I felt the same way about magic, too. In the real world, the practice of magic is deeply connected to both the climate and the practitioner’s mental state. The existence (or absence) of a single piece of information could determine everything. In video games, though, everything is very set and straightforward: just follow these steps and magic happens. With video games there may be no way around that, but in my own manga I draw, I try to depict magic in a slightly more realistic way, showing some of the origins of the magic and more of the specific “how”.
—By the way, I’ve noticed that the antagonists and enemies you’ve created are not the stereotypical “totally evil” bad guys we’ve come to expect. They have more nuance. In Legend of Valkyrie there’s a certain gentle or soft quality to the bad guys.
Fujii: Part of that is my personal belief that no one is completely evil. This is a slight digression, but in all the stories and fairy tales I read as a child, the bad guys were always simple characters with a single-minded devotion to evil. Ever since I was a child I’ve always hated characters like that. To my thinking, your enemy always has his own circumstances, his own reasons for having to fight—and when you think about it that way, the simplistic conception of a “bad guy” falls away. You’re just left with two opposing forces. You don’t see that in video games though.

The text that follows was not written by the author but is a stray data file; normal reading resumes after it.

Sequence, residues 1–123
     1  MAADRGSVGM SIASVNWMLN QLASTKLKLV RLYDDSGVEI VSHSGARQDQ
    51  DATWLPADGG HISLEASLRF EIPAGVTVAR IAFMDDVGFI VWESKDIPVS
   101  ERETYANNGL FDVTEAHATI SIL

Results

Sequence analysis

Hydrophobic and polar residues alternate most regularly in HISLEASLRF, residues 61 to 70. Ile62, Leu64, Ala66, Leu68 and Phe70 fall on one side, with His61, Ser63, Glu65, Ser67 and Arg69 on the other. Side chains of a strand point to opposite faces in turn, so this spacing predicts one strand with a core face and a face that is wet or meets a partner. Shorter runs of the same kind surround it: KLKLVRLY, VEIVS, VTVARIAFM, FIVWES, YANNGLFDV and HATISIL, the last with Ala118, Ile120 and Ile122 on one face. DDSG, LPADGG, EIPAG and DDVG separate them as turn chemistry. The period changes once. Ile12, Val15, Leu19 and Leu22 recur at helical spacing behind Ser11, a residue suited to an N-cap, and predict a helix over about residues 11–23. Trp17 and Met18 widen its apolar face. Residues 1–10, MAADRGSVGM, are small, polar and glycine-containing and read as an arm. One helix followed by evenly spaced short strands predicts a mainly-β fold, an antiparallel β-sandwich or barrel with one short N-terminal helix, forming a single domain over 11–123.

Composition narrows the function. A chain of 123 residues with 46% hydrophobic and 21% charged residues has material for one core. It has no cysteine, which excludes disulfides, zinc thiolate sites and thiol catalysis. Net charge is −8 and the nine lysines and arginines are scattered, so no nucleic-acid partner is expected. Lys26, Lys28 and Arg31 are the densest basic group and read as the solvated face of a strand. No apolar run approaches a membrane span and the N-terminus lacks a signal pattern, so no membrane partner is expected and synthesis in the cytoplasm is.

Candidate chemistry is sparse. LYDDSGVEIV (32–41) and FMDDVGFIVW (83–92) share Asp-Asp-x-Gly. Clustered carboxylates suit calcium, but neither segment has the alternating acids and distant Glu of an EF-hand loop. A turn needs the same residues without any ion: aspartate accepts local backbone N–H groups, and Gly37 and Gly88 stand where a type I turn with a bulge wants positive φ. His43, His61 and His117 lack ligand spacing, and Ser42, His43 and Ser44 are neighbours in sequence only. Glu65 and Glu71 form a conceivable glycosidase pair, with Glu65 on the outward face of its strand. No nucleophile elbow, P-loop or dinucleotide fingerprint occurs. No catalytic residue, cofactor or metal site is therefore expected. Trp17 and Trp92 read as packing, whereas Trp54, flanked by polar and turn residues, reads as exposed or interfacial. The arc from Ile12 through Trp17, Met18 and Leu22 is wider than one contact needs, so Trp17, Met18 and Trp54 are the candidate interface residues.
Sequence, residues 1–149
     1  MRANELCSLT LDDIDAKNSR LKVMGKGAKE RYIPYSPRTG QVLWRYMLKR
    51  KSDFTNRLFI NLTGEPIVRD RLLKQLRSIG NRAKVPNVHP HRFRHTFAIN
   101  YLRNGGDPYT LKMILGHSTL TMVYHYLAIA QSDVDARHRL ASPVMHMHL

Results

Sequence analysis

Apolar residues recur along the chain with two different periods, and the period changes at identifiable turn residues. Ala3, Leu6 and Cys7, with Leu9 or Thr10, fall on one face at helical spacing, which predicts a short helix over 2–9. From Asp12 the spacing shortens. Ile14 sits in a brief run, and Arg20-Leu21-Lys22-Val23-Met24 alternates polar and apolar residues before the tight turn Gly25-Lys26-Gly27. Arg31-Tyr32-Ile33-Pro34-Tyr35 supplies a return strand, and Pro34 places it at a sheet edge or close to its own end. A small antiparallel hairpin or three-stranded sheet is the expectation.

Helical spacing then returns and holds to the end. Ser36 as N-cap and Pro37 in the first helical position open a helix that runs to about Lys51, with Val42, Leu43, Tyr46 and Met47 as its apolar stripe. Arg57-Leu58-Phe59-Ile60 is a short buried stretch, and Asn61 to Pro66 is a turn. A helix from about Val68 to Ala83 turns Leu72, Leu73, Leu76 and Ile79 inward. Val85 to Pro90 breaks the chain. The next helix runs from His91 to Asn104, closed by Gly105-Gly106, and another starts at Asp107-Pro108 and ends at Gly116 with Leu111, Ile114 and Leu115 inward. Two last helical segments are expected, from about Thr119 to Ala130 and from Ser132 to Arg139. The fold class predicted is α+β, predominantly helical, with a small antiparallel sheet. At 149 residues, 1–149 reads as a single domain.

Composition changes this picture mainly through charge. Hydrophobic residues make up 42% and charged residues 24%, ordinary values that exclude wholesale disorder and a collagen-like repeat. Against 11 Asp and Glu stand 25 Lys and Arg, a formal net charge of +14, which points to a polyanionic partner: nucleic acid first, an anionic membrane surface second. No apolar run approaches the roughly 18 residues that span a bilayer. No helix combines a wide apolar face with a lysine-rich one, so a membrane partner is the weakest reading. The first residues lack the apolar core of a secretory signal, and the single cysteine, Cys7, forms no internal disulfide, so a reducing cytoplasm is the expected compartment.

—Right, in a video game, without a clearly defined enemy, there’s no goal or purpose for the player.
Fujii: Right. And along those lines, there’s a big difference between Zouna and Kamooz, the antagonists of Valkyrie no Bouken and Legend of Valkyrie, respectively. Zouna (from Bouken) is a simple villain, whose single-minded purpose is to destroy his enemies. The particular land he inhabits is irrelevant: he just wants to destroy everything. He is cruel to the core, and in a certain sense that lends a feminine quality to his evil.
In contrast, Kamooz wants to rule over everything. He wants to rule over those specific lands, to be their overlord. He’s a very masculine character in that regard. This idea for him was something the main designer and I decided at the outset of the development: that while Zouna came off as relatively feminine, for Kamooz, we would go a more masculine route. His horns are the personification and symbol of his ambitions.
—Ah, I see now. I definitely did get that impression of Zouna. The illustrations of him also convey that image.
—Will you be doing any new Valkyrie drawings in the future?
Fujii: I can’t rule it out, but… well, for the moment, I really can’t say anything about that!
In a separate interview for Gamest, Fujii explains that Legend of Valkyrie was originally planned as a 4-player game like Gauntlet, with a linked-play cabinet like Final Lap. One idea was to use Valkyrie, Xandra, a Koakuman, and Zul (a human thief). Another idea was to use multiple Valkyries, as suggested in this piece of concept art.